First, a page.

ETA: We still want an independent Basque state | Europe| News and current affairs from around the continent | DW | 16.04.2017
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ETA: We still want an independent Basque state

A Basque newspaper says the separatist group has not abandoned its goal of achieving an independent state. A week ago, ETA gave up its arms to French authorities, ending a four decade campaign of terror.

In a communiqué on Sunday in the Basque newspaper Gara, ETA said disarmament "wasn't going to be a bargaining chip, but rather a way to show the intransigence of the (Spanish and French) states and to further the independence movement."

The separatist group also told the paper it had entered a phase it which it would take "decisions from among all its members for moving forward."

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"ETA will examine the path that has been travelled and will take future decisions with responsibility," the statement said.

No break-up planned

The group made no mention of dissolving in Sunday's communiqué.

Their statement was issued on Basque "homeland day," as the Spanish and French governments continued to downplay the significance of ETA's disarmament on April 8.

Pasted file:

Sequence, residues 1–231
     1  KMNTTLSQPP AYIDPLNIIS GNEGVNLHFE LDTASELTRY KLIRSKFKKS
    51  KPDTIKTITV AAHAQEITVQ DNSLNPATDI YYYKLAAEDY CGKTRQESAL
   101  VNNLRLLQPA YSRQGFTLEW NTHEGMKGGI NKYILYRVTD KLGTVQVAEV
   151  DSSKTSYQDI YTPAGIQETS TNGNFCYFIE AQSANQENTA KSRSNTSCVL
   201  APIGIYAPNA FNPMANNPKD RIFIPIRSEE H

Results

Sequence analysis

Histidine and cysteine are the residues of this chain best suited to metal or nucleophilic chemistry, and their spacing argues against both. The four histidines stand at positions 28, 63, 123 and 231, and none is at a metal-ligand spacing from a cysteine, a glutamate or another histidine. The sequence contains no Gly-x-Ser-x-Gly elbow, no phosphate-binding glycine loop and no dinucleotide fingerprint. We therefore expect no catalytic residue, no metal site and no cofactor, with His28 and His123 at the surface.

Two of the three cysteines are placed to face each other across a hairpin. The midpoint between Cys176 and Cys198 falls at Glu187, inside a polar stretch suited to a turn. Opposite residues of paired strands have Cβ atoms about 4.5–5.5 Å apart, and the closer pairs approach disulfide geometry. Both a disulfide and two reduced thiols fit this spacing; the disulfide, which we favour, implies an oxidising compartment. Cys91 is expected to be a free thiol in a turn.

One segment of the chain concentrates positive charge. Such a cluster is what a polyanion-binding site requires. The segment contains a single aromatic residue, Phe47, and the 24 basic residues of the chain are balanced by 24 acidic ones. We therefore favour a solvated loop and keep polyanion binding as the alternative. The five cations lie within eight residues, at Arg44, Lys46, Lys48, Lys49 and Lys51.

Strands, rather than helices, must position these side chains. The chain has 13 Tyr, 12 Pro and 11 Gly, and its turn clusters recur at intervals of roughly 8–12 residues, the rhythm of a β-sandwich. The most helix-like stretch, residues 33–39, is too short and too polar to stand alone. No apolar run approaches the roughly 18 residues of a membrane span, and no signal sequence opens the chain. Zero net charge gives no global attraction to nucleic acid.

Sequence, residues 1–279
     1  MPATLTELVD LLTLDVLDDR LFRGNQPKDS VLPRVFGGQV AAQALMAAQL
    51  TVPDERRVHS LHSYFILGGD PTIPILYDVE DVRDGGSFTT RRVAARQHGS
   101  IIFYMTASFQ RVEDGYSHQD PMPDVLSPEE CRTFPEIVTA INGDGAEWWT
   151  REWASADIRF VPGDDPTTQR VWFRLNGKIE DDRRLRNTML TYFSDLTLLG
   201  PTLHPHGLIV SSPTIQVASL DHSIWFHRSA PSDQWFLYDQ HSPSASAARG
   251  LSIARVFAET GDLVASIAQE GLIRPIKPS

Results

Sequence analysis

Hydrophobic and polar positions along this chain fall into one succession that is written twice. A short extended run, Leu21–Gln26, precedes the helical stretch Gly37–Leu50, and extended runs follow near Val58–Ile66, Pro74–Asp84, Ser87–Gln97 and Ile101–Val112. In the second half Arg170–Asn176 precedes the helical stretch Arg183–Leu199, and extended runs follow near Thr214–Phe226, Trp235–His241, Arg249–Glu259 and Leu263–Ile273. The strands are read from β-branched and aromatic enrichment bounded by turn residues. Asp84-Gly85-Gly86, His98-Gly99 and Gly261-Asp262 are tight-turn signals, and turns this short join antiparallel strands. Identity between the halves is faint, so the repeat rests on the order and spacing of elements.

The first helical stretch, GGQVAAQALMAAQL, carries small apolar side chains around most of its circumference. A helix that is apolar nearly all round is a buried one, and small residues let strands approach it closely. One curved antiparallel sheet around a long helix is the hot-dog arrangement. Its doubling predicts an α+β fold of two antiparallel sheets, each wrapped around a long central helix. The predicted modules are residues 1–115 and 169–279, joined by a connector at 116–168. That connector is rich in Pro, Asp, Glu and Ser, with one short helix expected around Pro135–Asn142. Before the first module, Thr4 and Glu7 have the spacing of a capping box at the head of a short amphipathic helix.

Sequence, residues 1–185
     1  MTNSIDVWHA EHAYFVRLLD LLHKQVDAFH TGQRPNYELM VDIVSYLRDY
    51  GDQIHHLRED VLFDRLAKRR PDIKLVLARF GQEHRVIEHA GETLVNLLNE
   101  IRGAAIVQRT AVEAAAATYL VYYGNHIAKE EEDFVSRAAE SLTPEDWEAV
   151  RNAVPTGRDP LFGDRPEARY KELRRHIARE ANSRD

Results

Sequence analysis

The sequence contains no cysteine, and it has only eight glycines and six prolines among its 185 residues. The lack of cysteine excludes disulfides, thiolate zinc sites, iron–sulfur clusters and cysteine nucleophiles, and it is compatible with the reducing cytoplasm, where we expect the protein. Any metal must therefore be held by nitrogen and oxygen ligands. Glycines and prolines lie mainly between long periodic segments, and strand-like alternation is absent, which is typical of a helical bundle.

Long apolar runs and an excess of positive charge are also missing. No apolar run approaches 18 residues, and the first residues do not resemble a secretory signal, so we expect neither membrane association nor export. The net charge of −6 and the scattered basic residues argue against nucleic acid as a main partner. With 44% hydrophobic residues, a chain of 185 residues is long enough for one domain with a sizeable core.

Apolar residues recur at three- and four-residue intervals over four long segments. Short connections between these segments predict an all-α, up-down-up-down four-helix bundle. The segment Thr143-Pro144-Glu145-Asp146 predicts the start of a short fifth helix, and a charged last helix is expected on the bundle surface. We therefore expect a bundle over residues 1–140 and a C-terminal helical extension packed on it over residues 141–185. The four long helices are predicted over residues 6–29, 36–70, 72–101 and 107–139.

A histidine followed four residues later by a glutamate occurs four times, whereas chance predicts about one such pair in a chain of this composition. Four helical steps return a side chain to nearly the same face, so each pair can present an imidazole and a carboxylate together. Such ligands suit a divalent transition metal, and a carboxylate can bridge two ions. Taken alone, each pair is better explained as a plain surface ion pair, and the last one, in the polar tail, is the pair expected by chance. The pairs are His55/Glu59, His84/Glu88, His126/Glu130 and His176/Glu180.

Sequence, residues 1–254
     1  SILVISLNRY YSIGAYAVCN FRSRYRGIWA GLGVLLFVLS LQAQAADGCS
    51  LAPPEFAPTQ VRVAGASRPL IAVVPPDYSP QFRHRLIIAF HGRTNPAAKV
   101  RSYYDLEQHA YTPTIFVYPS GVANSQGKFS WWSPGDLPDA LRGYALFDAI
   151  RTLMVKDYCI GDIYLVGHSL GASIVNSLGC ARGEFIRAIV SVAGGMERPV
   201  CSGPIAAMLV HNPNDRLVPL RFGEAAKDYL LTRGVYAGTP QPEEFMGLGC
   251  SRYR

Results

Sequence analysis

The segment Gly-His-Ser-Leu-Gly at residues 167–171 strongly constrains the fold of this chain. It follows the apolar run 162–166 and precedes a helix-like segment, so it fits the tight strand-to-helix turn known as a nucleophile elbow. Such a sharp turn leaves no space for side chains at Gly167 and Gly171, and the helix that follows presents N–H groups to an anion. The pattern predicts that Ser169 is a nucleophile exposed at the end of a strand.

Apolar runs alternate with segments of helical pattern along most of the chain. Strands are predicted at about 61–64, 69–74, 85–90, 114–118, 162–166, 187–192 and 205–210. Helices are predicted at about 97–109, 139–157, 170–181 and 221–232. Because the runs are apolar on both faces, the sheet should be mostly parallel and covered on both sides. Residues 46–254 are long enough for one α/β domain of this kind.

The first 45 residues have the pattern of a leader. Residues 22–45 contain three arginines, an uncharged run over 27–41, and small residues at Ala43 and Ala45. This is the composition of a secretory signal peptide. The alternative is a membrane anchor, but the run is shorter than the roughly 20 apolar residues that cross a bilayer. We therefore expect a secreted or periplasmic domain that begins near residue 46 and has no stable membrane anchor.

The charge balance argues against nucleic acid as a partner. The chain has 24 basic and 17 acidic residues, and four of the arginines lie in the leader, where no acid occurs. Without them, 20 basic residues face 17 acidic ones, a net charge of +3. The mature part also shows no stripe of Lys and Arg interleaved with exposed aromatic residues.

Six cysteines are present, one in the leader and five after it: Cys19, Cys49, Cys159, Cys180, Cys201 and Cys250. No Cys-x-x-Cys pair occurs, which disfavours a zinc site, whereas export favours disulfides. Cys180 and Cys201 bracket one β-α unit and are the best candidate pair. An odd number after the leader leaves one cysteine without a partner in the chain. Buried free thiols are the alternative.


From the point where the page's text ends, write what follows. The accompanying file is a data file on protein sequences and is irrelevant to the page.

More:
The two countries say ETA must dissolve and apologize for the atrocities committed during its 43-year campaign for an independent country bordering Spain and France.

ETA Separatisten (picture-alliance/AP Photo)

ETA announced a ceasefire in 2011, ending a 43-year terror campaign for independence for the Basque Country

ETA killed 829 people, mostly in Spain, and left thousands more injured. The separatist group was blamed for hundreds of shootings, bombings and kidnappings from the 1960s until 2011.

In 2011, amid a string of arrests of top ETA operatives and public outrage over bloodshed, ETA announced it was abandoning its armed campaign.

Two weeks ago ETA handed over a list of eight caches to French authorities, allowing police to uncover weapons, ammunition and explosives at secret locations. Around three and a half tones of arms and explosives were found.

The group had sought to negotiate its dissolution in exchange for amnesties or improved prison conditions for roughly 350 of its members held in Spain and France, and for current members living under cover. But the two countries refused.

Support dropping

While ETA says it will continue to push for independence, a survey last October by pollsters Euskobarometro suggested that just 29 percent Basques were strongly in favor of independence, while 37 percent didn't want it.

But almost two-thirds of Basques said they wanted a referendum to decide the region's future once and for all.

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